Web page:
On behalf of Anaya-McKedy, P.C. posted in Drunk Driving on Thursday, April 21, 2011.
In March, we wrote a post about a bill approved by the Colorado House that sets a DUI impairment standard for medical marijuana users when they get behind the wheel. The bill was then sent to the state Senate, which amended the bill this week to continue research on just what the DUI impairment level should be set at.
The bill had originally said that 5 nanograms of THC or more in the blood stream would result in a DUI. However, after advocates for medical marijuana usage voiced opposition to the limit calling it too low and testimony was given that many people can function with 20 nanograms of THC in their systems, the Senate Judiciary Committee decided that there needed to be more scientific support before a level is set.
The issue is determining at what point medical marijuana users are impaired and unable to drive after using the drug. But finding a number that keeps unsafe drivers off of the road, yet does not unfairly punish long-term medical marijuana users has proven quite difficult. As one Senator from Aurora put it, “[w]e all know at some level that people become impaired…[but] we may not know what that number is.”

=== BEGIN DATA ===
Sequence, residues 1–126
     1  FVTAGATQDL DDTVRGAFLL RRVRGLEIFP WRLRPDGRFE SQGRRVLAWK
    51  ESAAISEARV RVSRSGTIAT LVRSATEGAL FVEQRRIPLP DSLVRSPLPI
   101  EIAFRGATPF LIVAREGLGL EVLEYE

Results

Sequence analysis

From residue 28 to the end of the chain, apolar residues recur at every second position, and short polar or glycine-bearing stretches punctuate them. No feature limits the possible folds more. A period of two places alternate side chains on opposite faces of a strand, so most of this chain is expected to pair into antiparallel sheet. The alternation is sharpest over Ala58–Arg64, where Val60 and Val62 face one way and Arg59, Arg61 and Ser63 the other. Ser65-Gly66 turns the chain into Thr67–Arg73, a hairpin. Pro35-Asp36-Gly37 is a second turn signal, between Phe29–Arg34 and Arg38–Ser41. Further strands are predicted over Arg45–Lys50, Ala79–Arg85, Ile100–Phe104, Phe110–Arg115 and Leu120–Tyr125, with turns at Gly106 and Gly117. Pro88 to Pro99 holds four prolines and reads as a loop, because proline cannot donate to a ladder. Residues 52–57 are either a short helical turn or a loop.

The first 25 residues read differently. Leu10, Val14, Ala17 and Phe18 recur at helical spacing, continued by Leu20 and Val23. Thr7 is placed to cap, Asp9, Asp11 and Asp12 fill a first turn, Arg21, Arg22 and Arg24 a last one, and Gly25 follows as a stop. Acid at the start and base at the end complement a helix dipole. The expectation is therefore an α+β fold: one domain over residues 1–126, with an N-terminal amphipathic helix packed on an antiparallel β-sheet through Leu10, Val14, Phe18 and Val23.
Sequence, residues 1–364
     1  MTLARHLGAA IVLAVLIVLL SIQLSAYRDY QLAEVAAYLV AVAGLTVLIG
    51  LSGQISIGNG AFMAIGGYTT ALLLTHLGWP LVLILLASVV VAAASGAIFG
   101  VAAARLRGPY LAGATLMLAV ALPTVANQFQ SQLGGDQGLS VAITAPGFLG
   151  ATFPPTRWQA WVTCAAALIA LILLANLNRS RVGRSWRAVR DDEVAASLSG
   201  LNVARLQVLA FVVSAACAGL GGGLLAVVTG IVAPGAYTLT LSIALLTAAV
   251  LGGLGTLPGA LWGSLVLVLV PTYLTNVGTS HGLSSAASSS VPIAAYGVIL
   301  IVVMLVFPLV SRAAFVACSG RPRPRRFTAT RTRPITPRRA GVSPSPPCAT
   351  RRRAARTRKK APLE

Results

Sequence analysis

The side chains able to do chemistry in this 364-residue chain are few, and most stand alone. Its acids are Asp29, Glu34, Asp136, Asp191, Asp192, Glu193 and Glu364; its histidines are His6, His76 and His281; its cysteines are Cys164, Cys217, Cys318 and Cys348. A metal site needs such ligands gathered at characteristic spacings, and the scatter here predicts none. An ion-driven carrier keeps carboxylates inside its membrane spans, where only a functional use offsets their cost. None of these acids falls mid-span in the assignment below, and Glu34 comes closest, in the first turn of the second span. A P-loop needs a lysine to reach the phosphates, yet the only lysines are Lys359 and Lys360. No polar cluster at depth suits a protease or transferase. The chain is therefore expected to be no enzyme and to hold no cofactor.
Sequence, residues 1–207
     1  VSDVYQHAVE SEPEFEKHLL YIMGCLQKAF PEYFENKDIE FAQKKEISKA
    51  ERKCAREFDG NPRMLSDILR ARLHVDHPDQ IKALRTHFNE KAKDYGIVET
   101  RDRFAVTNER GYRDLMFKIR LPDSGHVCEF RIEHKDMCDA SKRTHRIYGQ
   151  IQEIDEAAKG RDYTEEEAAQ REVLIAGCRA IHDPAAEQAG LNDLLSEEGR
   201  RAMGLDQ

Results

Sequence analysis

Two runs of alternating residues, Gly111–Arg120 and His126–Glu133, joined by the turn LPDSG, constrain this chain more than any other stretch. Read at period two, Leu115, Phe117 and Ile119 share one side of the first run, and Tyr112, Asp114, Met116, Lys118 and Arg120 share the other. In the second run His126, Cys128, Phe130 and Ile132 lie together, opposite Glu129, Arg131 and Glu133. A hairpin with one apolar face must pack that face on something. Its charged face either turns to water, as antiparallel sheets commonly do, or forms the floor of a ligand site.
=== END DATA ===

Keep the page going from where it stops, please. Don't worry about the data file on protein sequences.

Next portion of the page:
A doctor, who is pro-medical marijuana use, testified that the limit should be closer to 20 nanograms. He said some people have been known to walk around and function with 40 nanograms of TCH in their systems.
On the other hand, many people opposed the Senate’s amendment to the bill, saying that 5 nanograms of THC is already too liberal. Opponents of the amendment to the bill include Colorado law enforcement offices and the attorney general’s office. One Senator from Grand Junction even said that the amendment could put lives at risk as people will essentially be allowed to drive stoned.
However, after mixed testimony, senators approved the amendment requiring further study before a level is set in a 6-4 vote on Monday. We will keep you posted as to what happens next.
Source: The Colorado Independent, “THC DUI bill amended to require more study before a limit is set in stone,” Joseph Brown, 4/19/2011.